Of course, nothing that has been issued to date grants any protection or immunity to restaurants for continuing operations, and as such, the general principles of liability and negligence will apply to how a food service operation interacts with the public.

National and state agencies have issued guidance, and in some cases, orders, with regard to managing the coronavirus outbreak.  Although most people have seen them, restaurants that are going to maintain an operable kitchen must remember to advise its employees, preferably in documented writing, that they must:

  • Wash hands often with water and soap (20 seconds or longer) – Employees should be required to do this at regular intervals.
  • Dry hands with a clean towel or air dry your hands – Restaurants should ensure that clean, disposable papers towels are available and direct employees that they be used.
  • Cover your mouth with a tissue or sleeve when coughing or sneezing (and excessive sneezing or coughing should probably result in an employee being sent home).
  • Avoid touching your eyes, nose, mouth with unwashed hands or after touching surfaces – Employees should be advised not to do these actions, and immediately directed to clean their hands if they inadvertently do.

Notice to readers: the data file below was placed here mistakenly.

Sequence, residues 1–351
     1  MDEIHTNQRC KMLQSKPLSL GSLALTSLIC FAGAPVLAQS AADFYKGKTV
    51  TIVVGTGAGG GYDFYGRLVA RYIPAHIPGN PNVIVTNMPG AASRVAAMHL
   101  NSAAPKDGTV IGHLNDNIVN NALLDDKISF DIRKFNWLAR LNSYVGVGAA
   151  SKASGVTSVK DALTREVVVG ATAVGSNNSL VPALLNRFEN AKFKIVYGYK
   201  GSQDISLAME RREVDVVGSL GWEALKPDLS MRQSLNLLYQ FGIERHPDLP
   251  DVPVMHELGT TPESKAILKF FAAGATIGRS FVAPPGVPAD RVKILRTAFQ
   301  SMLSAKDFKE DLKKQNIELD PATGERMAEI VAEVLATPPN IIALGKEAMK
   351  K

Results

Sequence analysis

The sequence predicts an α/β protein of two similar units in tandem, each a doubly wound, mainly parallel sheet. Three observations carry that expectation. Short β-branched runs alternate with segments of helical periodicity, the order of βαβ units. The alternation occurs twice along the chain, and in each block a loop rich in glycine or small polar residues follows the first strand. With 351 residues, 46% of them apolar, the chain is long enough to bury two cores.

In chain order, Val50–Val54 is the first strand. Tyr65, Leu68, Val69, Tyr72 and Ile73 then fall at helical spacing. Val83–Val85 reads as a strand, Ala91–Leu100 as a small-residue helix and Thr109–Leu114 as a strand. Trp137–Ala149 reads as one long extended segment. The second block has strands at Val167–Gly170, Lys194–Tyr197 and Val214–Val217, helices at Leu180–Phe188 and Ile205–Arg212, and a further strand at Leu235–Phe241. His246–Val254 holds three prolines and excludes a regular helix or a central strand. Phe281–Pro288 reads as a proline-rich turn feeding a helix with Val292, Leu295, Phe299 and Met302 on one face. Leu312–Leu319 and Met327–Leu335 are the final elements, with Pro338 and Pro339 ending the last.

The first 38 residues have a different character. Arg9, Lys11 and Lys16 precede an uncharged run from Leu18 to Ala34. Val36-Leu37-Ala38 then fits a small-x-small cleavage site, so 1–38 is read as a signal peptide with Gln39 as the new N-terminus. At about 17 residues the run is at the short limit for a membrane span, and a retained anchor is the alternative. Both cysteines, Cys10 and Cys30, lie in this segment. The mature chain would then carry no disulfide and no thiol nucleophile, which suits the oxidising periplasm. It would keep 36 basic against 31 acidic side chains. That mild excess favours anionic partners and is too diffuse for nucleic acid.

• Clean and disinfect “high-touch” surfaces often – The restaurant should wipe down with disinfectant such surfaces at regular intervals, and if possible, have appropriate hand sanitizers on site and used by employees frequently.
  • Continue to strictly comply with all existing regulations of the health department relative to operating a food service licensed business.

Not only should these procedures be advised, management should monitor and enforce them.

Understand, of course, that an employer can (and should) require an employee to go home and stay home if the employee has symptoms of coronavirus (or, quite frankly, is sick in any fashion).